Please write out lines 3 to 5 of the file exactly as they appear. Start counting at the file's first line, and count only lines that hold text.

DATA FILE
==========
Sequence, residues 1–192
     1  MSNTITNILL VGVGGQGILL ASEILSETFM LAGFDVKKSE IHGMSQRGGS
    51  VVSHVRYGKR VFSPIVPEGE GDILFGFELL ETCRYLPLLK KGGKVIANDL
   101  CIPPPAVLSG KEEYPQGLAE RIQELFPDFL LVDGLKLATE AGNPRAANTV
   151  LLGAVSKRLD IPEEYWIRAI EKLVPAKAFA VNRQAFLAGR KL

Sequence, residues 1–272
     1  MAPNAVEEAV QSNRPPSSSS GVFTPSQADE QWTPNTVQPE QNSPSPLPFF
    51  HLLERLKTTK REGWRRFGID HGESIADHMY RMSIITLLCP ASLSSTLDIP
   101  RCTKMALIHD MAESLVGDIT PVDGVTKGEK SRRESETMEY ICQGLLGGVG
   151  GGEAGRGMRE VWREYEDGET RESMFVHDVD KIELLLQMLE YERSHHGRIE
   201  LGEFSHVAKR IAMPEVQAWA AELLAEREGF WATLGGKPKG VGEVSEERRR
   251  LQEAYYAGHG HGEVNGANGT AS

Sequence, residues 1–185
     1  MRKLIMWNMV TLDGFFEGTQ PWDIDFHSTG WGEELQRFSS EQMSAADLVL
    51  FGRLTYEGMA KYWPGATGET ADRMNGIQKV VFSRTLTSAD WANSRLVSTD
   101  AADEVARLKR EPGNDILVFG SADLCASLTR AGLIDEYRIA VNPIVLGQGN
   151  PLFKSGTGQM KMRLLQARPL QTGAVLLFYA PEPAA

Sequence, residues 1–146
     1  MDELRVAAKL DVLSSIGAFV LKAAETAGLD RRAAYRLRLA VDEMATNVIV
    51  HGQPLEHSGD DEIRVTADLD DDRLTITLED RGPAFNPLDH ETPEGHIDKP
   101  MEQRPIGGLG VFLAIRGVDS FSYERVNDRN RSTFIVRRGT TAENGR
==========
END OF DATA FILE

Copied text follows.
    51  VVSHVRYGKR VFSPIVPEGE GDILFGFELL ETCRYLPLLK KGGKVIANDL
   101  CIPPPAVLSG KEEYPQGLAE RIQELFPDFL LVDGLKLATE AGNPRAANTV
   151  LLGAVSKRLD IPEEYWIRAI EKLVPAKAFA VNRQAFLAGR KL